Cross-border cooperation – Disasters, COVID-19 and Confidence Building

March 18 is the date the Sendai Framework for Disaster Risk Reduction 2015-2030 was adopted in 2015, at the Third UN World Conference on Disaster Risk Reduction in Sendai, Japan. On this day we reflect upon the connections between natural disasters and COVID-19 from a peacebuilding perspective. This is a report from a webinar in a series held in late 2020, where speakers shared their reflections on multilateral cooperation in the fields of natural disasters and COVID-19, both serious non-traditional security threats. It was an opportunity to learn from cooperation mechanisms in South Asia, to consider lessons for Northeast Asia where such mechanisms are few. The webinar was jointly facilitated by Peace Boat and its specialized disaster relief branch, Peace Boat Disaster Relief (PBV), in the context of Peace Boat’s coordination of the Global Partnership for the Prevention of Armed Conflict (GPPAC) in Northeast Asia, and with the support of the Heinrich-Böll-Stiftung Global Asia Global Dialogue.

Meri Joyce, GPPAC Northeast Asia Regional Liaison Officer, said in her opening remarks as moderator that sharing of experiences in disaster relief and risk reduction on a regional level, and joint establishment of early warning systems and emergency relief across borders, can have a huge impact on building mutual trust and respect. This can be very important in shifting from a “security paradigm”, based on the balance of power and military alliances, to a “peace paradigm,” based on mutual interdependence and cooperation, she explained. Ms Joyce was joined by three speakers to give their insights into the topic of cross-border cooperation; Ikuno Suzuki, from Peace Boat Disaster Relief (PBV), Abid Hussain from the International Centre for Integrated Mountain Development (ICIMOD) and Takeshi Komino, General Secretary of CWS Japan, and Secretary General of the Asian Disaster Reduction and Response Network (ADRRN).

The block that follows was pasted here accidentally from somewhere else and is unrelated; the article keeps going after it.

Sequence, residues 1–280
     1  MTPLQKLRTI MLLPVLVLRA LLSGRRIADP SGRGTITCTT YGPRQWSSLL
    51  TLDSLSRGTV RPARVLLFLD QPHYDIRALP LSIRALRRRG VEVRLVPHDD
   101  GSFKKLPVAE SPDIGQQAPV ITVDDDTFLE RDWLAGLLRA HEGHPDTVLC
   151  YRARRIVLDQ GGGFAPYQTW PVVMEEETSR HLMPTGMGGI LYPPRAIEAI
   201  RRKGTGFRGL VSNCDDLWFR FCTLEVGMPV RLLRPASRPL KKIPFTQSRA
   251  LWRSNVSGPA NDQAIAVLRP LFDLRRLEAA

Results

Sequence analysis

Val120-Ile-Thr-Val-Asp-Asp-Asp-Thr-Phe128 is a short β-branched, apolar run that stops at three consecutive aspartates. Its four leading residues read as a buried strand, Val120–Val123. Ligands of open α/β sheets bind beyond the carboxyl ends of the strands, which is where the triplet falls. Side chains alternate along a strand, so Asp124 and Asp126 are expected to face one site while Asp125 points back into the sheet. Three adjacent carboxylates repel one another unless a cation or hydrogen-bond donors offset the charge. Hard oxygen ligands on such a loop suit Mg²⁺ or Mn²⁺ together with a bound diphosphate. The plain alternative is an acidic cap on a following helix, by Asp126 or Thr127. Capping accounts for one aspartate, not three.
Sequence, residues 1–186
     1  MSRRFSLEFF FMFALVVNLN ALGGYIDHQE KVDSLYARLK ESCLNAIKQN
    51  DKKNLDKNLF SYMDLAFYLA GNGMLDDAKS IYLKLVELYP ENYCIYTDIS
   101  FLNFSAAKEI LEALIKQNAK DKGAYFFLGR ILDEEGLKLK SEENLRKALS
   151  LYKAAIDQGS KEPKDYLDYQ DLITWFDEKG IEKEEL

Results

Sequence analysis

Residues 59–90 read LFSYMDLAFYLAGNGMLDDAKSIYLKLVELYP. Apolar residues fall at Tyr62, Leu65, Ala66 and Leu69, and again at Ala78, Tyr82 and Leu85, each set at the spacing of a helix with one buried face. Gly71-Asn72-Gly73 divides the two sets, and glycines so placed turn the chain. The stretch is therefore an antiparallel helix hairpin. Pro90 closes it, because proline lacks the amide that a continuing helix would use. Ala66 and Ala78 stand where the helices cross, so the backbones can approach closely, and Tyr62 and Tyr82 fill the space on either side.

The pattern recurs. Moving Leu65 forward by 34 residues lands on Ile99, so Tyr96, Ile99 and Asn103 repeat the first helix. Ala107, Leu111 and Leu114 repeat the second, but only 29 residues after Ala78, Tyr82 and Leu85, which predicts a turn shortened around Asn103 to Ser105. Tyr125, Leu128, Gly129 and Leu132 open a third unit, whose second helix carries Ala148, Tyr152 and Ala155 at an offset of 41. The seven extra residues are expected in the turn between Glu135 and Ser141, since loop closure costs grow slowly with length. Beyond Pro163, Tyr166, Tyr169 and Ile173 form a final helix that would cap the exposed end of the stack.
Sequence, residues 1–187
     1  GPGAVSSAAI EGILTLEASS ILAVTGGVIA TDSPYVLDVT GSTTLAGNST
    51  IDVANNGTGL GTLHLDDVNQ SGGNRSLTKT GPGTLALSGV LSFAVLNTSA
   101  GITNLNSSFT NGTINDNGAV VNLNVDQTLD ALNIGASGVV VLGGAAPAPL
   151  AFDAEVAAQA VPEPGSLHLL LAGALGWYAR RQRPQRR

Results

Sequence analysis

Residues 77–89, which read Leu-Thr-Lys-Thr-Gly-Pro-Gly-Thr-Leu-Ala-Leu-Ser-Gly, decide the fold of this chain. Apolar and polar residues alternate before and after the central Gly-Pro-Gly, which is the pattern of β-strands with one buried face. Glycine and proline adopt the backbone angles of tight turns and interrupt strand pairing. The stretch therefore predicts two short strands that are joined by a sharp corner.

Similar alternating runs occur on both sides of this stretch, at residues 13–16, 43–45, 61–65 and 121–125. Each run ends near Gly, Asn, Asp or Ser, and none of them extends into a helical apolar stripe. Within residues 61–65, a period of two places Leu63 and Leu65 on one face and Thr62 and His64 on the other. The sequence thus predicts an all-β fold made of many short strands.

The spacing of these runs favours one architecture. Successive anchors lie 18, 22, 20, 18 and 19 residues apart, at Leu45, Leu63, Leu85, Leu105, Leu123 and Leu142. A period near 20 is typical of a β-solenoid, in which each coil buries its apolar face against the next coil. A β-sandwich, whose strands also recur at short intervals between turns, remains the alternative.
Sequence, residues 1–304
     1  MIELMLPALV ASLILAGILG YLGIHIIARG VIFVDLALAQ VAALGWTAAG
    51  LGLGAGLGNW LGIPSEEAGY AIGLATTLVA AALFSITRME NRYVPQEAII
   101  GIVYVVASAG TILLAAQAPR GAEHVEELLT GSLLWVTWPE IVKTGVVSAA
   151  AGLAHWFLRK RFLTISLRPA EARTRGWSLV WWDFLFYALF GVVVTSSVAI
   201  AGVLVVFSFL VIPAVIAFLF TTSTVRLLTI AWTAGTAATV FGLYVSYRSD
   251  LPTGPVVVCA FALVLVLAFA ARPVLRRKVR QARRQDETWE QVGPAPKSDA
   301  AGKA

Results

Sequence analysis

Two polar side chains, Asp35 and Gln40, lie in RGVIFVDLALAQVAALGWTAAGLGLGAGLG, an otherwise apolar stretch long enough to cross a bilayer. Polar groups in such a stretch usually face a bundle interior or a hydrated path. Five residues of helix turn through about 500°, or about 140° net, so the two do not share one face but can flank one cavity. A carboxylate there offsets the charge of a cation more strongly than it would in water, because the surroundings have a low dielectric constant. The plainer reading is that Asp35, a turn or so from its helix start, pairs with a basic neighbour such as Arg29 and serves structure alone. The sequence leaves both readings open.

Ms: Ikuno Suzuki: Crossing Borders

Established in 2011 following the Great East Japan Earthquake and Tsunami, Peace Boat Disaster Relief (PBV) organizes disaster relief and risk reduction efforts in Japan and overseas. Ikuno Suzuki is the International Project Coordinator currently responsible for PBV’s international relief programs and coordination of international volunteers in disaster-affected areas in Japan. Referencing the theme of cross-border cooperation, Ms Suzuki focused on three borders: regional, psychological and international borders in relation to PBV’s disaster relief work under COVID-19. During the pandemic, PBV has implemented three projects in Japan. Two of these projects, in Iwaki and in Chiba, were already established, and so the projects could be handed over to local partners while carrying out follow-up communications and monitoring online.

Following an extended rainy season, Kumamoto in Southern Japan was hit by severe flooding in July 2020. PBV needed to design new ways of working under the pandemic, as stay home recommendations meant it was not possible to make an open call for volunteers or rely on the network of volunteers built up through past activities. Moreover, the rate of infections in Tokyo, where the PBV main office is located, was much higher than in other regions in Japan. Those affected by the disaster might be uncomfortable receiving assistance from outside their community, in particular from Tokyo. To overcome this psychological border, PBV worked initially with local organisations from a distance, providing mainly material support. Only when an official request was made by the local government was a team sent from Tokyo. Following quarantine periods, the same twelve members stayed for the duration of the project to limit the risk of infection and the stress caused to evacuees, allowing PBV to transcend both regional and psychological borders.

Despite international travel restrictions, PBV has also continued to provide disaster relief outside Japan by organizing fundraising campaigns to support local organisations in the areas affected. These included those affected by bushfires in Australia in early 2020, the environmental impact of an oil spill in Mauritius from the Japanese ship “Wakashio,” and those affected by flooding in Viet Nam. “Here, we work indirectly but in close collaboration with NGOs in those countries”, Ms Suzuki said. In her closing comments, she emphasised that while the pandemic has created challenges, it has also been an opportunity to be creative in sustaining activities.


Dr Abid Hussain: The Era of Regional Cooperation

Abid Hussain, Food Security Economist at the International Centre for Integrated Mountain Development (ICIMOD), joined the webinar from Nepal to give a perspective from South Asia. His research and policy work focuses on mountain agriculture, food and nutrition security, agrobiodiversity, rural credit and climate change adaptation. Dr Hussain explained that regional cooperation is key for ICIMOD, whose work in the eight countries of the Hindu Kush Himalaya aims ‘to enable sustainable and resilient mountain development for improved and equitable livelihoods through knowledge and regional cooperation’.